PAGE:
One of the many truly tragic stories in the Tanach is the case (Shoftim 11) of the daughter of the judge, Yiftach.
Yiftach rose from a difficult youth to become the leader of Israel. However, while he seemed to mean well, his lack of Torah scholarship was evident in what must surely go down as the most awful act of his life.
Before his final major military campaign recorded in Sefer Shoftim, the war against Amon, Yiftach promises Hashem that if he helps the campaign succeed, the first thing that exits the doors of his house to meet him on his triumphant return will be for Hashem, and he will offer it up as an עולה (burnt offering.)- וְהָיָה֙ לַֽיקֹוָ֔ק וְהַעֲלִיתִ֖הוּ עוֹלָֽה:
When he returns, his daughter comes out enthusiastically to greet him, and instead of enthusiastically embracing her, he tells her the awful news that his vow applies to her.
Despite her pleas, he is adamant that he is unable to go back on his vow, and after she is given 2 months of freedom in the mountains, we are told that he does what he had vowed to do to her.
There is much discussion amongst Chazal and the Rishonim as whether he actually killed her and offered her as a sacrifice, or whether he made her live a life of isolation and chastity, as well as regarding whether his vow was indeed binding or not.
After all, a vow to commit a transgression is generally invalid, and murder is certainly a transgression. In addition, a human being is not a valid “object” of a burnt offering, or any other sacrifice for that matter.
Furthermore, human sacrifice in general and child sacrifice specifically is condemned by the Torah.
It is also highly unlikely that Yiftach really considered the possibility that his daughter would be the one his vow would apply to (though it does seem strange that he did not do so, given its seemingly high probability), and this could make it an example of a halachically invalid type of commitment known as אסמכתא.
Chazal (Taanis 4) severely criticize Yiftach for not going to Pinchas to have his vow annulled, and Pinchas for not reaching out to him to do so.
Ironically, however, the implication of this is that at least according to this view, the vow was indeed valid.
One possible reason for this “vow” to be invalid might be related to the sugya of ברירה , which dominates our daf, and can also be found in many other places in the Shas.
The Mishna on 36a tells us that a person who is not sure which direction he will need to walk more than 2000 amos in on Shabbos, may place 2 “conditional” eruvin at the end of each side of his shabbos domain and stipulate the conditions under which each one will be valid.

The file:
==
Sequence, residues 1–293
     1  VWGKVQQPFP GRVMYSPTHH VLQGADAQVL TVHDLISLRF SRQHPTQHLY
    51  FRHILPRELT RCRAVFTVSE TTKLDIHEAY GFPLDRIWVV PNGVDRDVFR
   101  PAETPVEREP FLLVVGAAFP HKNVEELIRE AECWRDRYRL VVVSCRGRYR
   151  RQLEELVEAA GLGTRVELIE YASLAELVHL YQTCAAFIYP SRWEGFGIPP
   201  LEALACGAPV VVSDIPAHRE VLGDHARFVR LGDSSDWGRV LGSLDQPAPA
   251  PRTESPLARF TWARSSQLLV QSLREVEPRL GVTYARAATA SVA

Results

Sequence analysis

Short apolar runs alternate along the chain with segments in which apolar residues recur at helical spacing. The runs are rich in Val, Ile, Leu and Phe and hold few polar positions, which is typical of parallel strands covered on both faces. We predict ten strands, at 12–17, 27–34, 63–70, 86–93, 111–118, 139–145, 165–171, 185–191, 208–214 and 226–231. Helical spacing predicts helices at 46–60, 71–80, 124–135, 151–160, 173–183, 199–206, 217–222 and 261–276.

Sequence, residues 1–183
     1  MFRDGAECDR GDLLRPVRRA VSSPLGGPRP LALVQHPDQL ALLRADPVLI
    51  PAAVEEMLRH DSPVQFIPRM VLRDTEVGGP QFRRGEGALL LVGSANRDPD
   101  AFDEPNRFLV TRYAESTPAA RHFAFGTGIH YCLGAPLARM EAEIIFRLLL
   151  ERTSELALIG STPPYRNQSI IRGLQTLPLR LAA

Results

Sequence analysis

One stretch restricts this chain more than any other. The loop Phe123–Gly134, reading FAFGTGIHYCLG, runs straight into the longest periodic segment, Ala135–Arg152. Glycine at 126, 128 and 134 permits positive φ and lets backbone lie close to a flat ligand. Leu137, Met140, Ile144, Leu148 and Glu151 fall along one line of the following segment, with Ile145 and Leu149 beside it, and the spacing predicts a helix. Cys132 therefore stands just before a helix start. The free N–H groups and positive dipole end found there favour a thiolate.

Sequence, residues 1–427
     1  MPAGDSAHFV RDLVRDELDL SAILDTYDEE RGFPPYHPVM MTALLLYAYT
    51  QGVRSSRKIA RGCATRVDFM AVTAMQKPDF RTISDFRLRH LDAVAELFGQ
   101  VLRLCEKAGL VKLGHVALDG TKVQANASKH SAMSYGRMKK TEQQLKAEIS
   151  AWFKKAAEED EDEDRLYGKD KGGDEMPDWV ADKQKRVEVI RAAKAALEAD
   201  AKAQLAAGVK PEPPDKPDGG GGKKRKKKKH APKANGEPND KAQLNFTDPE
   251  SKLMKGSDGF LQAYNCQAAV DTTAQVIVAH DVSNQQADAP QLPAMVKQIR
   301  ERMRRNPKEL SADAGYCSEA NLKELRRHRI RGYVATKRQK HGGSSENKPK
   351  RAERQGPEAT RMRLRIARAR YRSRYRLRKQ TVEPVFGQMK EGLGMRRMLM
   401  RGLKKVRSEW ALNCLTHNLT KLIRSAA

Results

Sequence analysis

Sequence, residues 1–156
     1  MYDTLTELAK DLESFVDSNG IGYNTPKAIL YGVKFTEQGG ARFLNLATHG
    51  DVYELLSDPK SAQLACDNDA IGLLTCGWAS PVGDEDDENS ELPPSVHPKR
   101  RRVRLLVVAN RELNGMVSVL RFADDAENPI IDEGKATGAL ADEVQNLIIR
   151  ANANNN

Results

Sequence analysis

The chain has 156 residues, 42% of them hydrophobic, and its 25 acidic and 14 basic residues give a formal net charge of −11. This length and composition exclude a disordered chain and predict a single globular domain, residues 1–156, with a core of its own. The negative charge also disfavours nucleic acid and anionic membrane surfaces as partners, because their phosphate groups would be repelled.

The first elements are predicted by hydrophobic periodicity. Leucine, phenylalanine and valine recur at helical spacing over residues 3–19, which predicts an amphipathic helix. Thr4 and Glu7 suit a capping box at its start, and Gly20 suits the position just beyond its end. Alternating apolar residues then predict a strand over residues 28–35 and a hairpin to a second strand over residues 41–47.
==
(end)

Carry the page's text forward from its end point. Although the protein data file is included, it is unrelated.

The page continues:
For example, if he suspects that a Torah scholar is coming to visit and he wishes to walk more than 2000 amos to greet him, but is not sure from which direction he will come, he may stipulate that “ if he comes from the east, the eruv in the east will be valid, if he comes from the west, the eruv in the west will be valid, if one comes from each direction, I can choose which way to go, and if one does not come at all, neither eruv is valid and my shabbos zone remains as is.”
Rabbi Yehuda agrees with the above but stipulates that if a Torah scholar comes from both sides and one is his Rabbi, the eruv in the direction from which his Rabbi is coming is valid. If they are both his Rabbis, Rabbi Yehuda agrees that he may choose which one to greet.
The Gemara understands that this is an example of a קנין (transaction) or חלות (status change) that is dependent on a future event, known as ברירה.
Unlike a regular conditional transaction which is dependant on a future event happening or not, this is a transaction where the uncertainty is not based on a future event taking place, but on the object to which this future event takes place.
In our case, the eruv food on which the legal mechanism of Eruv Techumim will fall is not determined at the time of the setting up of the eruv, or even at the time of its activation, during twilight of Erev Shabbos, but later on, retroactively, based on which direction the scholar comes from.
Although Rabbi Yehuda appears to agree with the Tana Kama that such a legal status change is valid, the Gemara notes that in other places, he clearly holds that such a mechanism does not work – a legal status change can not be applied to an item which is undetermined at the time of the status change.